Priority action items to drive their project going forward emerged from their collaboration with the resource team: creating leasing spaces for local businesses; places for residents, shoppers, and Kennedy King Community College students to congregate and enjoy programmed neighborhood activities; and thoroughfares for pedestrians and cyclists to feel welcome. They also identified the need to better connect neighborhood institutions when planning and implementing next steps.

Kansas City’s Municipal Farms Sustainable Reuse Site 

Area 1 - Blue River Confluence Panoramic

The Brush Creek/ Blue River Confluence is located on a parcel of land at Municipal Farm. Image courtesy of Kansas City, MO.

Andrew Bracker and Gerald Williams of the City of Kansas City, MO, Scott Schulte of the Heartland Conservation Alliance, and John Gordon Jr. of Boys Grow comprise the Kansas City team.  The Municipal Farms Sustainable Reuse Site team aims to transform Municipal Farm, a 440-acre site owned by the city, into 21st century sustainable, urban agricultural and multi-use campus. The Sustainable Reuse Plan for Municipal Farm includes walking and recreation trails that connect residents to nearby neighborhoods, links to a planned regional commuter rail line and a rails-to-trails system, renewable energy projects, development of a city-owned green infrastructure maintenance and training facility, and creation of outdoor learning spaces.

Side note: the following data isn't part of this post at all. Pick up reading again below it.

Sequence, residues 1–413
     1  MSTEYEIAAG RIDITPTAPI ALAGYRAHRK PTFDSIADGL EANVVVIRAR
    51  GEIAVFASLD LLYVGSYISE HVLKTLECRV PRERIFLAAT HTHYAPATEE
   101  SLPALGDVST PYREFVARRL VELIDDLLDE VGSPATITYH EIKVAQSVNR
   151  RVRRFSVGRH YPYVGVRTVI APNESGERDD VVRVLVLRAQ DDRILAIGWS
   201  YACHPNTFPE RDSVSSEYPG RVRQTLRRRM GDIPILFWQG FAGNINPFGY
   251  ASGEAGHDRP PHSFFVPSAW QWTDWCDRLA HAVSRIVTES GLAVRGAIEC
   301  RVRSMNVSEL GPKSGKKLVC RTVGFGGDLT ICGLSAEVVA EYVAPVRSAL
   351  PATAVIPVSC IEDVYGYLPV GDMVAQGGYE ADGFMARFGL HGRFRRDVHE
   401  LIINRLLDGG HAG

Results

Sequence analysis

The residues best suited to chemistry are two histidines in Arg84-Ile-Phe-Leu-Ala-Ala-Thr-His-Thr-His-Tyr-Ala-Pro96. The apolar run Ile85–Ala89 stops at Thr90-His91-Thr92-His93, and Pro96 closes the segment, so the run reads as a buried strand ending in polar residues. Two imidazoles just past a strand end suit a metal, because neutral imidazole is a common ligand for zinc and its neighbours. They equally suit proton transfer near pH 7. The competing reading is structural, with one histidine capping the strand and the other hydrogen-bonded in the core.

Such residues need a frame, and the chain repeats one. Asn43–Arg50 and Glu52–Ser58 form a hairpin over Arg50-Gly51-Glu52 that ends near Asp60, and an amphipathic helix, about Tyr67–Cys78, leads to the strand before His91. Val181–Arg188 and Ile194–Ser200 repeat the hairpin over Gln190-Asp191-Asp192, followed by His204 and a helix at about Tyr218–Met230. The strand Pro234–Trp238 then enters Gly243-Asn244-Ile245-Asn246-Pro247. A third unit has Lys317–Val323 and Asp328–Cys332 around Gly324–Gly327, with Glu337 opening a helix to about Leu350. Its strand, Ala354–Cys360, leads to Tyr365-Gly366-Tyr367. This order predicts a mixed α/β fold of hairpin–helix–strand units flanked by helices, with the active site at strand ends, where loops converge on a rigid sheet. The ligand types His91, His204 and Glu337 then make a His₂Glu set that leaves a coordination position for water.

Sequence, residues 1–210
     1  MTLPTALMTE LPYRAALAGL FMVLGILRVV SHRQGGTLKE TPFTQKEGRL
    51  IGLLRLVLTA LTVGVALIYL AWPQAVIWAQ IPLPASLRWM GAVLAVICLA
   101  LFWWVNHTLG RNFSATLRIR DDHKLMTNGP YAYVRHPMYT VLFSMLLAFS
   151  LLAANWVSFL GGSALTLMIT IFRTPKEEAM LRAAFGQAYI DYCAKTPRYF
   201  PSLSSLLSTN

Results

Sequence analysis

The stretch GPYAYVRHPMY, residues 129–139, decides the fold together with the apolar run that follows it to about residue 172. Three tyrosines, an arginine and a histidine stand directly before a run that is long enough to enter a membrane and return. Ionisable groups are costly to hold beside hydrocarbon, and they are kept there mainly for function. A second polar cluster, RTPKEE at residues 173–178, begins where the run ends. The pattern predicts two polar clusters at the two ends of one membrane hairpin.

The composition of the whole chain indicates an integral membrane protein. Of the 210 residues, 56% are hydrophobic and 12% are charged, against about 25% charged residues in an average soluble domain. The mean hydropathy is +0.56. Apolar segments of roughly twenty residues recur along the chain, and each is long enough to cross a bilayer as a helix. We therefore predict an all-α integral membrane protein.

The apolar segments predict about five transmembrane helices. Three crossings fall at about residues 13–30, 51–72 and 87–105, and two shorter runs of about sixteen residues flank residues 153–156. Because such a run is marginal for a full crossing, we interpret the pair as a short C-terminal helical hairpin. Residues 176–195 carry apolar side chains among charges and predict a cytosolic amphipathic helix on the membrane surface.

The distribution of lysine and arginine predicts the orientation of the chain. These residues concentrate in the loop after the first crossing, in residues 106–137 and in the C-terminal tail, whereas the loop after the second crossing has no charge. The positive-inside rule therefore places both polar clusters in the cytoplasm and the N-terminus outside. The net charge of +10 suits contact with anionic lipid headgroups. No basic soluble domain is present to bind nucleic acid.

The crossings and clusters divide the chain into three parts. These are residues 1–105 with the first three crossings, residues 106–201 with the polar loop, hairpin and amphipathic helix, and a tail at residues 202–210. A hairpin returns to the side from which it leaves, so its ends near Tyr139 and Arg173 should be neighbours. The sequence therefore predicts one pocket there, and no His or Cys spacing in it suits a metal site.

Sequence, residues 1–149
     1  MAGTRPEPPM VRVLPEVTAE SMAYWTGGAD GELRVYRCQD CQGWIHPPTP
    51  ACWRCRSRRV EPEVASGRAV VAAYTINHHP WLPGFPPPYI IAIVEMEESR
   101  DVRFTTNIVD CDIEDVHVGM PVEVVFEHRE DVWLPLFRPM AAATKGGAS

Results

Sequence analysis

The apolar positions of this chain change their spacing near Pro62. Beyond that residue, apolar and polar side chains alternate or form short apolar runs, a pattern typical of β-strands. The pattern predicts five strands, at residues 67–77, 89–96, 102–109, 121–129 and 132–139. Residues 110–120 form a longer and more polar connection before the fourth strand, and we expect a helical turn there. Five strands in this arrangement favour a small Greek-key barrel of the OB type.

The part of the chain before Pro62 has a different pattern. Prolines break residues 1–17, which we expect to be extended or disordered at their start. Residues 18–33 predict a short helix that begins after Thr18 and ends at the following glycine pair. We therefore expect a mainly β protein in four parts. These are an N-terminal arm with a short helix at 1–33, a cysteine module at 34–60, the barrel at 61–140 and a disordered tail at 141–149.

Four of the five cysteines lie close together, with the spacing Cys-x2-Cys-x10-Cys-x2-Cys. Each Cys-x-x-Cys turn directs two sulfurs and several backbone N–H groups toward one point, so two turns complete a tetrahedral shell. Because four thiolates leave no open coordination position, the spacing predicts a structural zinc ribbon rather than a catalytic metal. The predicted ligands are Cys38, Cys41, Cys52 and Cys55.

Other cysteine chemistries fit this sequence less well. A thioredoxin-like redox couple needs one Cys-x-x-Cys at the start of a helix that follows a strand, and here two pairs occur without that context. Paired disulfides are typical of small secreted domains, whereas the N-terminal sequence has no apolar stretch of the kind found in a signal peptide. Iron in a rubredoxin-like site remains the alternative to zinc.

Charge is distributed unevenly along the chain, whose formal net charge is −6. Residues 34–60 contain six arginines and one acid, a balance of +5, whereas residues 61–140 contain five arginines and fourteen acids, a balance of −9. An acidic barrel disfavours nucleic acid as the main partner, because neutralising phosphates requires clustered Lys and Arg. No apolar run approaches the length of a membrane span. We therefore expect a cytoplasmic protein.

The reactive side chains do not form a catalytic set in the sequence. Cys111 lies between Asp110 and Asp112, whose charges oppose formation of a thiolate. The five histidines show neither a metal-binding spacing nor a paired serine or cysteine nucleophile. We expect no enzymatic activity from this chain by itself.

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The Kansas City, MO team discusses the best use of a contaminated parcel of land on Municipal Farm during the charrette.

During SCDA, the Kansas City project team collaborated with resource team members AECOM‘s Garrett Avery, New Territories’ Christina Grace and SWA Group‘s Joe Runco to reorient their master plan approach to better connect the site. They realized that they could unite the two halves of this large site with an iconic bridge running east-west over IH-495, and conceptualized a thoroughfare that would draw interest and attention to the overlooked acreage as well as the new uses on the site that include urban agriculture (growing -production) and community recreation uses.  The team also developed a phased strategy for rehabilitating contaminated areas within the site.

New Brunswick’s Rail/Arts/River Project

The Raritan River is an integral component of New Brunswick's Rail>Arts>River project.

The Raritan River is an integral component of New Brunswick’s Rail/Arts/River project. Image courtesy of AAF.